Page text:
The following is a list of mnemonics that birders have been using for years. I have grouped the birds by the habitat in which they are most typically found: MH (many habitats), U (urban), W (wetlands), FF (fields and farmland), F (forests)
American Robin (MH): CHEERILY-CHEERY-CHEERILY-CHEER… – a series of short, clear, musical whistles, rising and falling in pitch. Robins are especially vocal just before dawn.
American Goldfinch (MH): PO-TA-TO-CHIP! – this distinctive call is given on the up rise of the goldfinch’s roller-coaster flight.
Black-capped Chickadee (MH): HI-CUTY or SPRING-IS-HERE – a clear, two or three note whistle. The last note drops in pitch is often double-pulsed.
Blue Jay (MH): QUEEDLE-QUEEDLE – a pleasant, musical song, given in a quick burst. Listen also for “squeaky wheelbarrow” sounds and the jay’s harsh, descending “jaaaay” scream.
Cedar Waxwing (MH): SREEEE-SREEEE-SREEEE – an extremely high-pitched, hissy, weak, non-musical whistle. This is a common late summer sound in the Kawarthas.
Chipping Sparrow (MH): a mechanical, rapid trill consisting of dry chips, lasting several seconds, and almost sounding like a fast-running sewing machine.
Eastern Phoebe (MH): FEE-BEEE – a very emphatic, two-note song with a raspy or burred second note. It is repeated constantly. Phoebes are most commonly found around cottage and farm outbuildings.
House Wren (MH): a rapid, bubbling series of trills and rattles, both rising and descending. This bird can be a non-stop singer practically all day long.
Mourning Dove (MH): HOOO-AH-HOO-HOO-HOO – very slow and “mourning.” The song could be mistaken for that of an owl.
Song Sparrow (MH): MAIDS-MAIDS-MAIDS-PUT-ON-YOUR-TEA-KETTLE-ETTLE-ETTLE – a variable, complex series of notes that includes one long trill in the middle.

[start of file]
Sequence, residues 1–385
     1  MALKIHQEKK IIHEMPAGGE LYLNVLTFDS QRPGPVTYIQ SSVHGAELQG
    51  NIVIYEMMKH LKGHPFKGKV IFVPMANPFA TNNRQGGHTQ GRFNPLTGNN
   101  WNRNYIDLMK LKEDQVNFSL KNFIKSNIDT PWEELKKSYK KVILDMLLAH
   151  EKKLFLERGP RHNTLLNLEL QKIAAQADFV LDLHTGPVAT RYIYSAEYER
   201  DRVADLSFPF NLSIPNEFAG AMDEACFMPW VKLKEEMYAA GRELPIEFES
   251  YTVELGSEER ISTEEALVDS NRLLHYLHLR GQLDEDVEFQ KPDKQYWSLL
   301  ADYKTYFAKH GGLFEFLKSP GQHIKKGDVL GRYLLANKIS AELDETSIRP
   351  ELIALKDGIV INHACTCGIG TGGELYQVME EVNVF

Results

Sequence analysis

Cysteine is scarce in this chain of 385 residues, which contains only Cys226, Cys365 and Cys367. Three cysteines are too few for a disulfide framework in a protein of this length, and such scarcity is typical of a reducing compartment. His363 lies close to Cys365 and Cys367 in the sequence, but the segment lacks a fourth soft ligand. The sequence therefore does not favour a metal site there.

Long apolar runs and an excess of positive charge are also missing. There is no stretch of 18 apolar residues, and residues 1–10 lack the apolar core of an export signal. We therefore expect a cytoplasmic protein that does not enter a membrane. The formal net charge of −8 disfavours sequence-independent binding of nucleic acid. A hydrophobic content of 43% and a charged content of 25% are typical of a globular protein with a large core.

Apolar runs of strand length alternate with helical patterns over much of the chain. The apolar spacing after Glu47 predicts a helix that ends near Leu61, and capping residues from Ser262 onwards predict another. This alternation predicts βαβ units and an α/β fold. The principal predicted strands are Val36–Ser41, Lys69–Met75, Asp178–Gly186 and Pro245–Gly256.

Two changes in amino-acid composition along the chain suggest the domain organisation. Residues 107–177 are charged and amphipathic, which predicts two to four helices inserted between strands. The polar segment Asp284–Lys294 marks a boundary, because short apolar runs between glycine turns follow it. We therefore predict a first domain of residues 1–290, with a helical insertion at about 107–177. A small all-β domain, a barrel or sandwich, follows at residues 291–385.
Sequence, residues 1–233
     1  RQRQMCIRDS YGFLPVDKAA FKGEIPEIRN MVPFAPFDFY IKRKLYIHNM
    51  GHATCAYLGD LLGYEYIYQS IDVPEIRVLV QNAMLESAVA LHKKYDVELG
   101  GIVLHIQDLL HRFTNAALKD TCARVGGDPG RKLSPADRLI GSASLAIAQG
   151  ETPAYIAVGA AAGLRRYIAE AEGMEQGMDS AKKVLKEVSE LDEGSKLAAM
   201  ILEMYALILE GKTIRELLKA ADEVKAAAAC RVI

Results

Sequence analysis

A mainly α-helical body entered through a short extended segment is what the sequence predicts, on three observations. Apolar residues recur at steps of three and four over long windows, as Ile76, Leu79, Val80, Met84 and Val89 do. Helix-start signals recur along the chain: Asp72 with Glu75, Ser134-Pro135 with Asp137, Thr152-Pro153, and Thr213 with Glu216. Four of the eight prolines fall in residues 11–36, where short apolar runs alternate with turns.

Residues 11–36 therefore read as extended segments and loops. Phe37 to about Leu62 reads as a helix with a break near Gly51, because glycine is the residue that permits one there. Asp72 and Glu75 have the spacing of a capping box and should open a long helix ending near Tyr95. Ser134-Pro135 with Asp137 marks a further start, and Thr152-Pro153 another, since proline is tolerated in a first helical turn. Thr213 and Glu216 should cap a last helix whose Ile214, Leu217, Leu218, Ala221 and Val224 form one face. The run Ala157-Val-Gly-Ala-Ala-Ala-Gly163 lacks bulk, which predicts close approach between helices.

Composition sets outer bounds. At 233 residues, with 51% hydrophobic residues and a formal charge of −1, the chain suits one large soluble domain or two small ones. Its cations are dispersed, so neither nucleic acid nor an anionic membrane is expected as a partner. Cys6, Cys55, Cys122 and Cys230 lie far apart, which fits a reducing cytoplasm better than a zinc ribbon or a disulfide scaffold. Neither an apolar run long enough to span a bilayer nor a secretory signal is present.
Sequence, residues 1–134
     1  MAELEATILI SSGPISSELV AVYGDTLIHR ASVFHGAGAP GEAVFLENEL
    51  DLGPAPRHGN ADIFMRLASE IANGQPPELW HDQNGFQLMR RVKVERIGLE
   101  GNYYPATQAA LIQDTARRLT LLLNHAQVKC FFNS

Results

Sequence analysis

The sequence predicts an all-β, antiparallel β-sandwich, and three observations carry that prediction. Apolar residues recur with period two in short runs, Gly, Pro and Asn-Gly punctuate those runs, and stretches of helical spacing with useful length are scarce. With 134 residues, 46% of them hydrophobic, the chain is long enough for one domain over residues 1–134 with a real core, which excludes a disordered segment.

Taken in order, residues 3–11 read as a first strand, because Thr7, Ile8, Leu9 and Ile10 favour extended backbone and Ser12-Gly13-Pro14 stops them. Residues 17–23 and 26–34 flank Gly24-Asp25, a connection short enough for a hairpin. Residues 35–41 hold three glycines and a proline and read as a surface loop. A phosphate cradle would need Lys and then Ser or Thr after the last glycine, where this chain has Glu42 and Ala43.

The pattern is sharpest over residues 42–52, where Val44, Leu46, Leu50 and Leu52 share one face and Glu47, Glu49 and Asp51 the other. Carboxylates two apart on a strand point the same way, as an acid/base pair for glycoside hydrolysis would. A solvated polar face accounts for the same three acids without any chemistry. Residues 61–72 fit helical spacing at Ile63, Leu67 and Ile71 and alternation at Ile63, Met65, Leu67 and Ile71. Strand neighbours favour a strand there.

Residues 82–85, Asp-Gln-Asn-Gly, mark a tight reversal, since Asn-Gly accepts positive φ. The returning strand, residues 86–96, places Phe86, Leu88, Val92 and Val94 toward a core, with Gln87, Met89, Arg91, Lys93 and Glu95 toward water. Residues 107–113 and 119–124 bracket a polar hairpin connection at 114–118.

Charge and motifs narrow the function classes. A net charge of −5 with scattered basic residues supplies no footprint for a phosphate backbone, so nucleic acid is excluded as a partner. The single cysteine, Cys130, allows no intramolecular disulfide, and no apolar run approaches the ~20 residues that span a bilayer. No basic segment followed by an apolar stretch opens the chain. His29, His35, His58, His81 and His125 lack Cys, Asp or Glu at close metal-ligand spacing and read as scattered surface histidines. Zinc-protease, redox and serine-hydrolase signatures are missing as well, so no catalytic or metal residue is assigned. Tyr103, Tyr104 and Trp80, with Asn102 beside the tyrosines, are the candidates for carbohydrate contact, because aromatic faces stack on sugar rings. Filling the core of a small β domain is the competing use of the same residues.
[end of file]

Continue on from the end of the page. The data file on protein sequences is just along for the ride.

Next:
Chimney Swift (U): CHIT-CHIT-CHIT-CHIT – an ultra-rapid burst of notes given as the birds fly overhead, usually in Peterborough’s downtown core.
European Starling (U): WHEEEE-ERR – a long, down-slurred “wolf-whistle,” accompanied by an unmusical series of chips, squawks and squeaky notes. Starlings often sing from telephone wires.
House Finch (U): think of this bird as “the mad warbler” because of its loud, bubbly, quick-paced, warbled song. Harsh “churr” notes are often included. This bird often sings from the very top of spruce trees in the city.
House Sparrow (U): CHIDDIK-CHIDDIK… – a dry, monotonous series of identical chips.
Northern Cardinal (U): TWEER-TWEER-WHIT-WHIT-WHIT-WHIT or BIRDY-BIRDY-BIRDY-BIRDY – a loud, rich and persistent song, usually sung from a high perch.
Red-winged Blackbird (W): KON-KA-REEEEE – a harsh, gurgling song ending in a trill.
Common Yellowthroat (W): WITCHITY-WITCHITY-WITCHITY-WITCH – a song characterized by an up and down rolling rhythm.
Yellow Warbler (W): SWEET-SWEET-SWEET-I’M-SO-SWEET – clear, high, whistled notes that are rushed at the end.
Bobolink (FF): – a rolling, bubbling (boboling!) warble of very short notes that seem to almost trip over each other. It is given as the bird flies low over a hay field.
Eastern Meadowlark (FF): SPRING-OF-THE-YEAR – a slow, clear, slurred whistle that carries surprisingly far.
Killdeer (FF): KILL-DEEEEER or KEE-DEE – a high, strident song, often given in flight.